8 of the worst contracts in Detroit Tigers history

Jordan Zimmermann #27 and Mike Pelfrey during Spring Training. (Photo by Mark Cunningham/MLB Photos via Getty Images)
Jordan Zimmermann #27 and Mike Pelfrey during Spring Training. (Photo by Mark Cunningham/MLB Photos via Getty Images) /
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Detroit Tigers 5th Worst Contract – Mark Lowe

Detroit Tigers
Mark Lowe pitches against the Chicago White Sox. (Photo by Mark Cunningham/MLB Photos via Getty Images) /

There’s no such thing as a bad one-year contract. Two-year deals can be troublesome and go south quickly — as evidenced by the previous entries on this list — but they rarely harm a franchise. Take Mike Pelfrey, who is pictured on the front page. His two-year, $16-million deal was obviously bad, and the Tigers cut him after one season. But Pelfrey didn’t make this list because his 5.07 ERA over 119 IP in 2016 was actually enough to give him a positive WAR. It was ugly, and Pelfrey didn’t earn his salary, but at least he gave the team something. Mark Lowe did not.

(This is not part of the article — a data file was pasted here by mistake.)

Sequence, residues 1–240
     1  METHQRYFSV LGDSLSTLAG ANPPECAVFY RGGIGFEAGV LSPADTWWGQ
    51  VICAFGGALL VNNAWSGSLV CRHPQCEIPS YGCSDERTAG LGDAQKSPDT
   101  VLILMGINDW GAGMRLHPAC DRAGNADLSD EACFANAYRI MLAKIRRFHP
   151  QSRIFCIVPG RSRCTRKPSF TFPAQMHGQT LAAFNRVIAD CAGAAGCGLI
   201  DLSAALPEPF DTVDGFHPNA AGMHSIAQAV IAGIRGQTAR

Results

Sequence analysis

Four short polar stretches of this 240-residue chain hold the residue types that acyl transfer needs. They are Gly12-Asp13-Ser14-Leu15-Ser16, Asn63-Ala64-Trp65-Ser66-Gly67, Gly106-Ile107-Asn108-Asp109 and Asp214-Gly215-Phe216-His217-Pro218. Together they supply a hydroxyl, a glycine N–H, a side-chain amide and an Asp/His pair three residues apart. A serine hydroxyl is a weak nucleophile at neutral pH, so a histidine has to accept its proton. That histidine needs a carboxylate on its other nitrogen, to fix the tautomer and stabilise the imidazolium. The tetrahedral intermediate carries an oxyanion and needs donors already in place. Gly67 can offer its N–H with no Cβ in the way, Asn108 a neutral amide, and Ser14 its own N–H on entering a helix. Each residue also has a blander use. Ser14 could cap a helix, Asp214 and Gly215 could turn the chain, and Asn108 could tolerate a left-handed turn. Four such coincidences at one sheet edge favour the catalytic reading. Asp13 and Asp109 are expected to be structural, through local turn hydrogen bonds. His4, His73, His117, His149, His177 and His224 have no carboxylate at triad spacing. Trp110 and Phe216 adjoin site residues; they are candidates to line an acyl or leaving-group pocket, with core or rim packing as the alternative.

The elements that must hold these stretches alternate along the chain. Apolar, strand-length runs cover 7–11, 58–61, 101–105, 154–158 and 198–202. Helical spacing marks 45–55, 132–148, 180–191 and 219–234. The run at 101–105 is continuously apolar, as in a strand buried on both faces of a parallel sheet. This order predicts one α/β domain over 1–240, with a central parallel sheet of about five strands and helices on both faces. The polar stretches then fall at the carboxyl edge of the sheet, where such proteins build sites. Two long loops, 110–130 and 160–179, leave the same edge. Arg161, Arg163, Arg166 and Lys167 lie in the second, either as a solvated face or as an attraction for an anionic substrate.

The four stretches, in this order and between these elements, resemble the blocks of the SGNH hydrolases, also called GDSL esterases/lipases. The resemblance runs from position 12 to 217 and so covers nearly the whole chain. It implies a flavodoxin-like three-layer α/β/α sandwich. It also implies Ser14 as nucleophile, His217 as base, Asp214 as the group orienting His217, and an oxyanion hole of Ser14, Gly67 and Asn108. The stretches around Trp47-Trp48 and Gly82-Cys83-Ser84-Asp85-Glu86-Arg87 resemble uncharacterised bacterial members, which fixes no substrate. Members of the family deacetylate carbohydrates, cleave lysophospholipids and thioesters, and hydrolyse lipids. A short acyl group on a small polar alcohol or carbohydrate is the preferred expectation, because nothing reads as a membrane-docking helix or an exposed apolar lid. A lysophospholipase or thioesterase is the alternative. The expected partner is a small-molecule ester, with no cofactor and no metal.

Lowe is a prime example of the fickle nature of relievers. He began his career as a hard-throwing bullpen arm in Seattle, and by 2009 he was one of the more reliable setup men in baseball. In 2010 he was traded to the Rangers along with Cliff Lee, and he began dealing with injuries and diminished velocity. In fewer than two years he was signed and released by the Dodgers, Angels, Nationals, Rays, and Guardians before landing back with the Mariners. He returned to form in Seattle, with his average fastball jumping from 93 MPH to 96 MPH, and he finished the year with a 1.96 ERA over 55 innings.

The Tigers gave Lowe a two-year, $11 million deal to be their primary setup man. He allowed a run in his first game with the club, but his ERA was sitting at 2.79 on May 1st. Then he imploded, allowing 28 hits, 24 runs, and 8 home runs over his next 14.1 innings. Had Lowe been on a one-year deal the Tigers likely would have just cut him. But they kept him around all season, mostly to handle mop-up duty in blowouts, and he ended the year with a 7.11 ERA over 49.1 innings, which was was good for -1.0 WAR to Baseball Reference. The 2016 Tigers entered the final weekend of the season just one game out of the playoffs. It’s unfair to blame a team’s failure on one player, but the Tigers may have made the postseason that year if Lowe had been anything other than awful.